Foster spread the chute of the wishing lantern and lit the wick. As the chute filled with the hot air that would send it up and away, he thought of his life now and the question that kept haunting him: how would he ever be able to go on? He was unsure but deep down knew that he would. He would for Tessa.
The chute expanded and Foster felt it becoming lighter. Eventually, it took flight and slowly gained altitude. The lantern rose higher and higher and Foster felt a cool summer breeze on his neck. He watched and waited. It floated over the pasture until it reached the farthest tree line where it too resembled a twinkling star.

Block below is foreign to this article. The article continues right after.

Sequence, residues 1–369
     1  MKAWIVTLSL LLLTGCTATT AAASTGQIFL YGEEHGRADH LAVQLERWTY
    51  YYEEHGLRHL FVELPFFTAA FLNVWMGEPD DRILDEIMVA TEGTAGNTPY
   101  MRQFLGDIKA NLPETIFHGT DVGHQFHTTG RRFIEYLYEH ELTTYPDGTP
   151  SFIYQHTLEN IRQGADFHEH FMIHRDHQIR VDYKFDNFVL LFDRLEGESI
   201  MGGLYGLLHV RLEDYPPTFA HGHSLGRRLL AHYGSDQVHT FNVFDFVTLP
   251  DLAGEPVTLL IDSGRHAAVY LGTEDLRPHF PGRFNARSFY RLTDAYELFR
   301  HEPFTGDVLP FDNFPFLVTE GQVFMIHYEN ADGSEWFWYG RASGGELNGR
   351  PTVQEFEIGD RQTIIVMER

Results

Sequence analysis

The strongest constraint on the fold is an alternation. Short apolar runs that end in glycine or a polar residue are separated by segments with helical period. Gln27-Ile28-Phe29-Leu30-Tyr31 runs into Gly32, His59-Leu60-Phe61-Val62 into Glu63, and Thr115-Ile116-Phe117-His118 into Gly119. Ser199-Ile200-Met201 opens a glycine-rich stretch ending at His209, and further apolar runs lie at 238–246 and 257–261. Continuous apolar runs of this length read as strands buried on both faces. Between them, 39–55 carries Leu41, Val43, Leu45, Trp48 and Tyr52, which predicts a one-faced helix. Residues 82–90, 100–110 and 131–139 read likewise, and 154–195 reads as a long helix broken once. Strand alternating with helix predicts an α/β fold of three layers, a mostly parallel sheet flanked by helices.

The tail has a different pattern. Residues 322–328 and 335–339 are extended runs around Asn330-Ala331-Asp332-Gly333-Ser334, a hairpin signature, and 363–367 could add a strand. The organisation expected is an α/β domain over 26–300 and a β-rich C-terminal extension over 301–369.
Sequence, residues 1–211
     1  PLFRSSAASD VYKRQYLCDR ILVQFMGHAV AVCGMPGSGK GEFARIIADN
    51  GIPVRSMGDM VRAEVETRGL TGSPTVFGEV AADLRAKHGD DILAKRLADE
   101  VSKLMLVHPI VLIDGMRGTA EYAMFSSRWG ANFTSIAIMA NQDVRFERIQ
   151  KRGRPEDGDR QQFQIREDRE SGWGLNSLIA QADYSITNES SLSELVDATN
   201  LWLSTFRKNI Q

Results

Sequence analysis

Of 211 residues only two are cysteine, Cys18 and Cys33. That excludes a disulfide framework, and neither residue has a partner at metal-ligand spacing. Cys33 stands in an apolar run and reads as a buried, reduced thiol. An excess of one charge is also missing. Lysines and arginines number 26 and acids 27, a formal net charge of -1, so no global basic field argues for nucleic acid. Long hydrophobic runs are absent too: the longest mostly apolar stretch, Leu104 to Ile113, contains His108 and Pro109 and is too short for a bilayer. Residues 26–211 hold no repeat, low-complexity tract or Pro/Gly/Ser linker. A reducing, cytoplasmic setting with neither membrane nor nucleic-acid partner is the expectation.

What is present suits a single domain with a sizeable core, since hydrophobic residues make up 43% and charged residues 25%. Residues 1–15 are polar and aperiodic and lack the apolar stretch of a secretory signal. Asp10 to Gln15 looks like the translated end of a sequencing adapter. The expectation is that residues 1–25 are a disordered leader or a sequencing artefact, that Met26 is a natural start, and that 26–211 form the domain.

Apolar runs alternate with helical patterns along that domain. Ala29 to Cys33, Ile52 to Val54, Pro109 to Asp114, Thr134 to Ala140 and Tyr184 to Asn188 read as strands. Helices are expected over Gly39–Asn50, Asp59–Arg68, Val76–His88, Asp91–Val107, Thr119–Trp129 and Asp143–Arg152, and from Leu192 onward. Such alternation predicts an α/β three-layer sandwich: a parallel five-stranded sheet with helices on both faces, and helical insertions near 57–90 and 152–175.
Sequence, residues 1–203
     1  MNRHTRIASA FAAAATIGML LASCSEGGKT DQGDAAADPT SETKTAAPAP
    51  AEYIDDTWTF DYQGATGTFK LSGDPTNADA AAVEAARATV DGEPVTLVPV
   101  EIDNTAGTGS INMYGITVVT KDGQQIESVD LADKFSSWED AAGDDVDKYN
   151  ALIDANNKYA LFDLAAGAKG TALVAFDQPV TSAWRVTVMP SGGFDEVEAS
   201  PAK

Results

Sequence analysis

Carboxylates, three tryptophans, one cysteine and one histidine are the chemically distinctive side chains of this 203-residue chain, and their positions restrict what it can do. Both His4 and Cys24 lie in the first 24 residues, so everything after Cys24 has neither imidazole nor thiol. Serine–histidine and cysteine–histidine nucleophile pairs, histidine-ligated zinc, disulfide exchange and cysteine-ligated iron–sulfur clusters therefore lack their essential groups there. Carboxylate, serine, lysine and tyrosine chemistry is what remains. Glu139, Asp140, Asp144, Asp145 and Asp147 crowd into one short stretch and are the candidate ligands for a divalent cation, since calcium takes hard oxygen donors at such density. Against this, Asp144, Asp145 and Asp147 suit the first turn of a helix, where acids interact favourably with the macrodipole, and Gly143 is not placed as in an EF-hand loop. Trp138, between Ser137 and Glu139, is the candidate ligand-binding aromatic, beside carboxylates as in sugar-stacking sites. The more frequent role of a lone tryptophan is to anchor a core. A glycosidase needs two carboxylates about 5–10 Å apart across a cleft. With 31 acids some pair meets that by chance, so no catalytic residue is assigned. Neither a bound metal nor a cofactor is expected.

Just before the lantern disappeared, Foster closed his eyes. Then he did what he and Tessa had always done together.
He made a wish.
Friday, May 5, 2017
I’ve finally pinned down a release date for my upcoming book. HARD LUCK will be released on July 11, 2017. This book is a mix of seventeen stories that weaves through the realms of dirty realism, contemporary realism, and the often gritty country-noir genre. If you’re into sex, drugs, crime, and a touch of humor here and there, (Sounds like a tearjerker, doesn’t it?) this book might be for you. With all that said, I’m giving away several Advanced Reader Copies. If you would like a PDF copy of your own, shoot me a private message with your email address and I’ll send it to you as soon as I can. Simple as that. Many thanks and I hope you enjoy the book.
Saturday, April 8, 2017
Saturday, February 25, 2017